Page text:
“A journey of a thousand miles begins with a single step.” – Chinese philosopher Laozi, 604-531BC
In this case the first step was the announcement of a new-mold H8K2 in 1/72 scale by Hasegawa in the fall of 2016. The “Emily” was a long time favorite of mine, but I had held off fighting the 1970’s era rivet monster hoping for something better. With the planned release came the research, and thoughts of how best to display the finished product. One option, at first rather tongue in cheek, was to model a seaplane tender as a display base for the Emily. Increasingly that became the direction of my thinking. Why not?
It is standard for works in progress threads to show the kit box and contents to kick things off. No problem. Here is the box art for the Japanese Seaplane Tender Akitsushima in 1/72 scale. This was amusing to most and confusing to a few, but I had a lot of fun with this.
Here are the instructions. I’ve had this copy of “Building Warship Models” since my teenage years and it shows, I discovered Broadart book wraps far too late to help this dustjacket. An outstanding reference providing both inspiration and guidance. Coker illustrates a myriad of scratchbuilding tips and techniques and shows the finished work of master builders from around the world, all without the benefit of kits.
Here are the contents for the “in box review”, a stack of 0.060″ sheets and 0.188″ and 0.125″ square strips from Evergreen. No flash on any of the parts, and not a single ejection pin mark to be found anywhere!
These are the references on hand at the beginning of the project, more would be added as things progressed. I purchased a booklet and plan set from Profile Moresky, but they proved to be inaccurate and were soon set aside. The most useful item was the photograph of Akitsushima running sea trials. Fortunately this is quite clear and large, my Father was able to enlarge the picture file to scale and print it on a roll printer. Resolution is such that the image is clear even at that size. References on other Imperial Navy warships also proved vital as, like most navies, the IJN had standardized many pieces of equipment carried by many classes of warships.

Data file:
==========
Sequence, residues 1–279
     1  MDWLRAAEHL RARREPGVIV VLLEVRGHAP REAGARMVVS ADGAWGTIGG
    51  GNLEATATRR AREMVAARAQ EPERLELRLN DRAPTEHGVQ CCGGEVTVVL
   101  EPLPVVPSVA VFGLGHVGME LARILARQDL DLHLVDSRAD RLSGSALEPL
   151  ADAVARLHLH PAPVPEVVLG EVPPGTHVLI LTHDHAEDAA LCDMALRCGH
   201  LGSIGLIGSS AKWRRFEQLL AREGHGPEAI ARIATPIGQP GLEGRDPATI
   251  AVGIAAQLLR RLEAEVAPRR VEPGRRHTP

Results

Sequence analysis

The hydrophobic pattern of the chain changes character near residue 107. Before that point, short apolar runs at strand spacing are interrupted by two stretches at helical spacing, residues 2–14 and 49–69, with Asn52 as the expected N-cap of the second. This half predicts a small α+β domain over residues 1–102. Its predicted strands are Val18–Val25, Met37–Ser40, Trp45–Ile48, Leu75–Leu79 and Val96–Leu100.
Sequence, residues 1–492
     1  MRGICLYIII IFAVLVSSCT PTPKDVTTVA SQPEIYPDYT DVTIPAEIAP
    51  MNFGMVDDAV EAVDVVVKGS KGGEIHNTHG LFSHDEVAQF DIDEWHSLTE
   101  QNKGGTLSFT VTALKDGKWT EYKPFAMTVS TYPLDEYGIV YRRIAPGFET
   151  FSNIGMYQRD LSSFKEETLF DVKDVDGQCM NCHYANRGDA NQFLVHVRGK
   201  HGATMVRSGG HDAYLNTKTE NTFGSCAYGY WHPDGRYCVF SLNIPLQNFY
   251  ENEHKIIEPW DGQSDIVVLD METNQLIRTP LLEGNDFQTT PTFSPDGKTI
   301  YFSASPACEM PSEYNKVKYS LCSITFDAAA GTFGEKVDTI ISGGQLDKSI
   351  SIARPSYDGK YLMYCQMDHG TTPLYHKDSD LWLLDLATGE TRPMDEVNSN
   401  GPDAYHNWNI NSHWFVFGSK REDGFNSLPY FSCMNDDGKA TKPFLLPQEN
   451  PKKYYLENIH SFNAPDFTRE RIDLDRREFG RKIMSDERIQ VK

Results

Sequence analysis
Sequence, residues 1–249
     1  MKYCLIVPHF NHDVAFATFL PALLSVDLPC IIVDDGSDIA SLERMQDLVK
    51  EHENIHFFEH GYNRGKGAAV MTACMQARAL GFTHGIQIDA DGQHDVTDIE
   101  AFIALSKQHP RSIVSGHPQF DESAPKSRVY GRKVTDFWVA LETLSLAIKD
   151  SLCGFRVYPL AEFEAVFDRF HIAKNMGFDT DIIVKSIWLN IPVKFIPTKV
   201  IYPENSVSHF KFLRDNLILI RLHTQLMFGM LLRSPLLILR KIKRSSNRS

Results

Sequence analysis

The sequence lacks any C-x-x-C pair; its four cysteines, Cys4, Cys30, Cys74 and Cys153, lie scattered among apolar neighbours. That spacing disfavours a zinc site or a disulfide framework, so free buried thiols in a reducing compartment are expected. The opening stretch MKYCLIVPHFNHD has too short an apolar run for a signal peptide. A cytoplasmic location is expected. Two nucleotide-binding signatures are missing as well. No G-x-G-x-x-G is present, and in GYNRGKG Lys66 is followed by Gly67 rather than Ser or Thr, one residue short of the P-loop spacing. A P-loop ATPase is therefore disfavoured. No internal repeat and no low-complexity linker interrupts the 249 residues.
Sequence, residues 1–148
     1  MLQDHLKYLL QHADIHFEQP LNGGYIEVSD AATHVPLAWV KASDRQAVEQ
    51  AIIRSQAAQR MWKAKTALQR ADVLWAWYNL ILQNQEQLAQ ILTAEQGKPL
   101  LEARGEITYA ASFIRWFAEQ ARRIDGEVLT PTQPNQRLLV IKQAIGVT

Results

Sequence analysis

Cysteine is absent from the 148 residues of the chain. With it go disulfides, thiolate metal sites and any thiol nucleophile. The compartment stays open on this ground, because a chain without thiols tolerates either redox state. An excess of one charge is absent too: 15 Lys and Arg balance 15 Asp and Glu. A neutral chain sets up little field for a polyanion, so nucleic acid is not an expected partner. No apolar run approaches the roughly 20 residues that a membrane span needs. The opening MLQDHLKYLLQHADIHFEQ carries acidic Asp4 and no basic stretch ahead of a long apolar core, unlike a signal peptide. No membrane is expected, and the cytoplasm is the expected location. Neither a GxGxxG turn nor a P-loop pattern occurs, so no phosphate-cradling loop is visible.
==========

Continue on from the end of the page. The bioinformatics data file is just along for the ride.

One misconception is that the Akitsushima carried and could launch a flying boat. She was never intended to do so. She could hoist a flying boat onto the deck cradle using her large electric crane for servicing, but the aircraft would take off and land on the water. This was intended to be done while the ship was anchored in a sheltered harbor, her flock of aircraft would moor to buoys around her. So, for an aircraft to be on the deck the ship would be at anchor. In 1/72 scale at least some of the hull would be visible under the water, so I constructed the model with 2″ (5cm) of hull below the waterline. Neither a full hull nor a waterline model, but one intended to be mounted to a base.
One advantage to mounting the model to a water base is that the bottom can be flat which makes construction easier. Here are the first steps in building up the hull. The bottom outline was cut out and laid flat on the workbench. A longitudinal structure was laid down the center over the entire length of the ship. In the center is a bulkhead where the weather deck steps down amidships. 0.188″ square stock is glued to both sides of the center bulkhead to support the deck and longitudinal stringers.
This is a stack of half hull formers with notches for stringers. The hull lines in the Profile Moresky drawings were used to determine shape, but the dimensions were recalculated because the hull lines were drawn wider than the beam of the ship.
The hull formers were kept square using rafter squares from the hardware store and glued with MEK. MEK is the active component in most of the thin liquid glues for styrene available to plastic modelers. It is also available in volume from the hardware store, and is much less expensive.
With all the formers in place the stringers can be attached. This builds up much faster than one would expect, and is satisfying because at this point it the general size and shape of the ship is seen.
Once the glue has set the structure is surprisingly strong and can be moved around as needed. If you look closely you can see that all the frames are numbered, a necessity to keep everything organized properly.
Part II here: